Morning. Driving through Bois Franc region's serene countryside from the river's edge to the church at the top of a steep hill a sort of longing takes hold for some vague moment of simplicity, purity and tranquil harmony. I do not think it was particularly due of my lingering hang over.
Pulling into La Moutonniere's parking lot across from the village St-Helene de Chester's church I was greeted by a family already waiting with another couple to partake in being a Sheppard for a day at one of the first sheep cheese makers of Québec.
10am greetings from owners Lucille and Alastair. Introduction of the farm, their history, their philosophy. Slip on hair nets, wrap ourselves in plastic aprons, and awkwardly fit funny blue plastic slippers over our shoes; not unlike going to the dentist in the winter.
10.20am visit the fromagerie. Explains the process the equipment. Here the equipment is not silent. We use a smaller metal container which is already full of the morning's pasteurized milk. She adds the rennet mixture, heating the mixture to 38 degrees C approximately, and we wait 20 minutes for the magical effects to take form. Pressing a finger in the mix gives the impression of a sort of huge panna cotta. The next step is to cut this initial mass which splits it into petit lait or what people know as whey which will go into making ricotta, the moist solids which will eventually become one of their aged cheese. We are a witness in the process but not removed, as we each take turns stirring the mass which is being slowly transformed, slowly `building` something we are more familiar with. Our hands are oily, as if by some incredible moisturizer. We each taste this initial mix and are surprised at how sweet it is.
10.45 am drain the whey into buckets. We each, in an impressive spontaneous team work, press the remaining solids in plastic molds with filters and fit them horizontally on a press. This cheese, our cheese, will be ready in 2 months.
12.45 am wash the metal container. Strain the whey (petit lait) into it and heat to approximately 82%. Only 8% of this liquid will become ricotta, the rest will be fed to the pigs, the chickens, the animals.
1.15pm lunch. a copious intermission of homemade dishes, a lot of conviviality, a little vino and generous amounts of their own cheeses.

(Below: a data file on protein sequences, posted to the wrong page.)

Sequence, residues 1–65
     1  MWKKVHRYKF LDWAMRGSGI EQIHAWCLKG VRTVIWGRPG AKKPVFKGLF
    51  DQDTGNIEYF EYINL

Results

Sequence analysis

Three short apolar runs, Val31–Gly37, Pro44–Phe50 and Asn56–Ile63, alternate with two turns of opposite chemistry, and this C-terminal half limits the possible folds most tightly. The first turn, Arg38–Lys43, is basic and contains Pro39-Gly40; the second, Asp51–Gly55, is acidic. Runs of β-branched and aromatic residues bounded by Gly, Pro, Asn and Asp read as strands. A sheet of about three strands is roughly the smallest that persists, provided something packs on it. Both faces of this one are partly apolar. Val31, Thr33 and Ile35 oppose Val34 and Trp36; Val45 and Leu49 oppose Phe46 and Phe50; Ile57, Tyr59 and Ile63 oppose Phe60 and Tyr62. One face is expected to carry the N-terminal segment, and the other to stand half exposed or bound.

2.00pm check ricotta, strain it. Drive out to their farm to shear, feed the sheep and lambs. Clear the hay, fill the feed troughs, step in sheep shit, listen to the loud plaintive cries of the new born. Hold a baby lamb which was born at 5 in the morning. Get pissed on. And yet, I have never seen so many constant smiles, and have rarely felt so happy doing something, learning something.
4pm milking the sheep. The sheep walk up a ramp onto a platform, and we below, the naive, the novices have to attach the plastic suction tubes to their teats. Intensive, intimate labour which solidifies the group, as we all realize that at the end of our day as farmer cheese makers, we are really at the beginning again. Full circle with appreciation and a better understanding of what we are eating.
Although La Moutonniere have this sort of 100% moutons heureux certification which is not related to any organism, their openness to have their customers explore every inch and crook of their routine on their farm I think is an interesting way to gain 'certification'. If the engaged client is convinced, and questions and engaging we were, there has to be some foundation to their claim. But, as most of us know, theirs is one of the rare exceptions, but one in which is precious because of its realism. One thing is for certain; having passed a day on La Moutonnière's farm I can attest that there are a dozen people every month who are 100% happy when they leave, and that is the ease in which the owners share their day. As for the simplicity, purity and tranquil harmony felt earlier in the day, it does in fact exist, alongside a lot of hard work, patience, giving and understanding...and a little pot of freshly made sheep's milk ricotta cheese.